There are myriads of problems with heat distribution that will need to be overcome for a basement located stove. Moving it there doesn't automatically solve everything. It does make you burn more coal though. And it has the serious potential to make you cold, and make you wish you hadn't moved it there.
You are correct with anthracite, but consider the fact that the OP would be burning what is possibly sub-bit in his living room with more frequent loading and dumping of ash. At least that is what I took into consideration. OP would probably need a 2nd heat source regardless. Of course i could be wrong. Im not even sure he has a basement yet ;)

sbwyo
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Post By: sbwyo » Fri. Aug. 10, 2018 10:24 am

What I've gathered is that everyone has a pretty low opinion of bit coal. It requires twice as much to produce the same amount of heat as anthr. and you have to clean out a lot more. I'm not sure of the quality of our local coal. Anyone from the powder river area? Website says it's "low-sulfur, high quality, subbituminous". Our old ranch house has a coal room in the basement suggesting there used to be a coal furnace but our plan, if anything, is to keep the forced air propane furnace as a secondary source of heat and heat what we can out of the living room with coal. The cottonwood we had been burning was a mess anyway and a pain to keep from going out. We have access to pine, the Big Horn Mtns are right here but our ranch has a bunch of fallen cottonwood and setting aside the time in the fall(our busy season) to get up to the mtns for a full day has never worked out. Does anyone have any brand they'd recommend looking into that burns Bit?

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warminmn
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Hand Fed Coal Stove: Chubby Junior, Efel Nestor Martin, Frankenstove
Coal Size/Type: nut and stove anthracite
Other Heating: wood and a little LP
Location: Land of 11,842 lakes

Post By: warminmn » Fri. Aug. 10, 2018 10:54 am

Cottonwood is messy. I burn some in the fall in spring and know what you mean there. Im glad I dont use it year round. Ive got some locust Ive been burning and thats great stuff.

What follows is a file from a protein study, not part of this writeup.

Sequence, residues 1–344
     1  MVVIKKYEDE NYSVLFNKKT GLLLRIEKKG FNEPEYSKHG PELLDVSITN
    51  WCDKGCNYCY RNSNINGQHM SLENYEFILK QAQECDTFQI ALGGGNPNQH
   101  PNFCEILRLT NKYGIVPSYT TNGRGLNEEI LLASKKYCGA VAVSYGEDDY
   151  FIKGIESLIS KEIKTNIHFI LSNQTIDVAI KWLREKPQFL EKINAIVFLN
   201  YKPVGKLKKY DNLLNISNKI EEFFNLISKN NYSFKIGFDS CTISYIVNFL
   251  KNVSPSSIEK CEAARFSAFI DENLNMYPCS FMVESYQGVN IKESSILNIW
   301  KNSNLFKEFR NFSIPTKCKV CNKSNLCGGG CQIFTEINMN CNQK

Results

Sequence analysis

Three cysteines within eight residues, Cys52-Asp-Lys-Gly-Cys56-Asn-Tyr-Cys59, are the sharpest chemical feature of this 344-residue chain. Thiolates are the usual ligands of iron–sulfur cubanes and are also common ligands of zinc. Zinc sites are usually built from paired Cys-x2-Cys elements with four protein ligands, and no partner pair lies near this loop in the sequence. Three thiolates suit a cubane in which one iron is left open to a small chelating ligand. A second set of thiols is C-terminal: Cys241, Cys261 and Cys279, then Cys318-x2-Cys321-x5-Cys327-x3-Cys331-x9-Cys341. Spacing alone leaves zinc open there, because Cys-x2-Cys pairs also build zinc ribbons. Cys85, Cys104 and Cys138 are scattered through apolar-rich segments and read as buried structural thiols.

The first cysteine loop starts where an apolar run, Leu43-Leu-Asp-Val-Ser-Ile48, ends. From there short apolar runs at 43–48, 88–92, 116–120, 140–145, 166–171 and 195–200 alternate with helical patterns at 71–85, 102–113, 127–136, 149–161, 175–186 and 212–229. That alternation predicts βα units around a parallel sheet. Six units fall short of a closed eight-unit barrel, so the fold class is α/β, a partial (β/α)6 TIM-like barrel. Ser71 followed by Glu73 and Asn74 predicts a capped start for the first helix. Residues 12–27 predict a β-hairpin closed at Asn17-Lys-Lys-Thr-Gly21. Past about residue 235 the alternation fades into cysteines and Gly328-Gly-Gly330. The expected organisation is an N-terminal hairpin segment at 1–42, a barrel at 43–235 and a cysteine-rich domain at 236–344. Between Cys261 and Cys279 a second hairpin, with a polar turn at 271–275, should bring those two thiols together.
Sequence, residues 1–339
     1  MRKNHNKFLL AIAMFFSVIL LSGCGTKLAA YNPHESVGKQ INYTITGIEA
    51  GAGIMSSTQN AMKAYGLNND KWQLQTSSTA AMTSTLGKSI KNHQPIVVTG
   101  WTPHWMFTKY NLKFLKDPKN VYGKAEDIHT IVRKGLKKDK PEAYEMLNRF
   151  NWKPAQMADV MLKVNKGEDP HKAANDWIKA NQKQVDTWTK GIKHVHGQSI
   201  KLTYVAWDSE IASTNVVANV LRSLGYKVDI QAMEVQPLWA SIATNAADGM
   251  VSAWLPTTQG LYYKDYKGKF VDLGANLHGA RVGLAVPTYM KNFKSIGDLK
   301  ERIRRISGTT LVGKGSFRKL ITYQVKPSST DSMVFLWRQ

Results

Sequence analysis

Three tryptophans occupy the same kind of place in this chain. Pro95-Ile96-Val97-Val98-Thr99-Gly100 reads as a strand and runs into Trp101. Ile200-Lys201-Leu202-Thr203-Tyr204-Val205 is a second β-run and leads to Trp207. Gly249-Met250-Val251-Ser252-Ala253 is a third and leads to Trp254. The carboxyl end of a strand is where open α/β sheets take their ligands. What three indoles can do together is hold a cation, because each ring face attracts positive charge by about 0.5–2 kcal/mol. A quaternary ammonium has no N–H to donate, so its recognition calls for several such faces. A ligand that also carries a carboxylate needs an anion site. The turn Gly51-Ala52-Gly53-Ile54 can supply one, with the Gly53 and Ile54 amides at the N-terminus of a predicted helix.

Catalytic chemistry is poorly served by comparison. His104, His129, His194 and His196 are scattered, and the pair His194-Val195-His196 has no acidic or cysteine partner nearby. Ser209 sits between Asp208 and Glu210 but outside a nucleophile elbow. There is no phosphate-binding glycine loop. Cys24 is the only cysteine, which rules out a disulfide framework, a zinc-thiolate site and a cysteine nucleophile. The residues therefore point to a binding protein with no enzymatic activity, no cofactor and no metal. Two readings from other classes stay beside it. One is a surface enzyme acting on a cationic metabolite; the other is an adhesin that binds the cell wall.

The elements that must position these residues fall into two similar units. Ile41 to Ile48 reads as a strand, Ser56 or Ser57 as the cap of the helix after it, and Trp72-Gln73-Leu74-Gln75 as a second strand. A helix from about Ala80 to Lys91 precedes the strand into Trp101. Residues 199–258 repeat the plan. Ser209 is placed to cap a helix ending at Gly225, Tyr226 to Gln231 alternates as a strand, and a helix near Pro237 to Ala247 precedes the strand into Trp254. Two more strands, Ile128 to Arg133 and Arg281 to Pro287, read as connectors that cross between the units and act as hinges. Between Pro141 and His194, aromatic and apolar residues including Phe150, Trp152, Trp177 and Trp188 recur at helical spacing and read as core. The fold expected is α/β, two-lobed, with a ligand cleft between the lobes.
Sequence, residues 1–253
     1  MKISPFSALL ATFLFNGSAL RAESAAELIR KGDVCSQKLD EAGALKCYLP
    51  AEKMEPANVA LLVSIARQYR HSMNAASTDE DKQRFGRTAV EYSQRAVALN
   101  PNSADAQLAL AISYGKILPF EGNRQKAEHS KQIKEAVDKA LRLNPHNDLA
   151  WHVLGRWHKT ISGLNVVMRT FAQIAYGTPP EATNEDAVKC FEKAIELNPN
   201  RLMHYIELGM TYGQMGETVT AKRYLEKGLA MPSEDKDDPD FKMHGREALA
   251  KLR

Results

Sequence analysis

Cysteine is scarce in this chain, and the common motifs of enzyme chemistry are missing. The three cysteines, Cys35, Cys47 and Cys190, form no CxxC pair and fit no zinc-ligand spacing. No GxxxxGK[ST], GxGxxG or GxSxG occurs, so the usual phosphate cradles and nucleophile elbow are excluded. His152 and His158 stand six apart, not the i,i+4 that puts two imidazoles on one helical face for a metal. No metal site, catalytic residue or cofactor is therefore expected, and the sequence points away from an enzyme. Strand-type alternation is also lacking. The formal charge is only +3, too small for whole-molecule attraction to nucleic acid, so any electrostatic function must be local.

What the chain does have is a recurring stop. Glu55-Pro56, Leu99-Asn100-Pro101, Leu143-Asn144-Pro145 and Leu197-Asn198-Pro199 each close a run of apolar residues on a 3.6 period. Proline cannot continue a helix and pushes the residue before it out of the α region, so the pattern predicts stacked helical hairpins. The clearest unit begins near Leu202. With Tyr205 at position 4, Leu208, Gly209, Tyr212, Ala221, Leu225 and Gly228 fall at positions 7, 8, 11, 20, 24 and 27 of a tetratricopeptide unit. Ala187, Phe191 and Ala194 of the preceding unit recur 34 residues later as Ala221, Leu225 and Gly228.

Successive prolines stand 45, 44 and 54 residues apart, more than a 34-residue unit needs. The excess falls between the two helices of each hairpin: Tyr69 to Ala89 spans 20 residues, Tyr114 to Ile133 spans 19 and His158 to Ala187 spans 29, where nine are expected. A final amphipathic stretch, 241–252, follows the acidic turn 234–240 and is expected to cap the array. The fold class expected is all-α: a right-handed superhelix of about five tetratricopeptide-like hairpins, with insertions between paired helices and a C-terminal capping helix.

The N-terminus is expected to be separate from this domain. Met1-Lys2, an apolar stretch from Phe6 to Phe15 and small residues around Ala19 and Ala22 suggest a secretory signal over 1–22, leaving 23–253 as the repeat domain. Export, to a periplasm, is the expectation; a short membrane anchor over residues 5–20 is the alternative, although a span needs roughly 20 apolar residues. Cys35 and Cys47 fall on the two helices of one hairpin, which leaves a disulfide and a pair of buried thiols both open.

I think your plan is wise, using propane to backup whatever stove you get. I would call Hitzer and talk to them about their model 55 and 82, and if they recommend them for what coal you have. A stove with a window wont do much good using bit as it would just smoke up anyway.

Hitzer is not your normal business. Its Amish owned and operated and the owner answers the phone. Not your normal B.S. like calling most places. Phone is 260-589-8536. You might be better off with the smaller 55 since it will be in your living room. Hitzer builds them as they are ordered from their dealers so this would be a good time to order one before fall gets here, or find a shop with one in stock, if you go that route.

Im sure there are used stoves that would work too. Maybe some of the Warm Morning models, Im unsure. Many of the potbellies would have been over fired and have cracks so be cautious when looking at those.

There are a couple members here from North Dakota burning lignite but I cannot remember their user names. Casinoboy is in South Dakota and burns bit he imported from the east but used to burn more local to him coal. maybe look up his posts but if I remember right he used a Hitzer.

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McGiever
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Stoker Coal Boiler: AXEMAN-ANDERSON 130 "1959"
Hand Fed Coal Boiler: BUCKET A DAY water heater
Hand Fed Coal Stove: Warm Morning 414A
Coal Size/Type: RICE,PEA,NUT,STOVE /ANTHRACITE and EGG / BIT
Other Heating: Ground Source Heat Pump and some Solar
Location: Junction of PA-OH-WV

Post By: McGiever » Fri. Aug. 10, 2018 12:25 pm

A "Harman TLC" would work, members in Alsaka burn sub-bit in these. The glass would not stay clean as was mentioned above.
But it is raised on a pedestal stand which makes for less bending over while keeping it burning.

Some would find it a better looking stove than the Hitzer 55 in their living space. ;)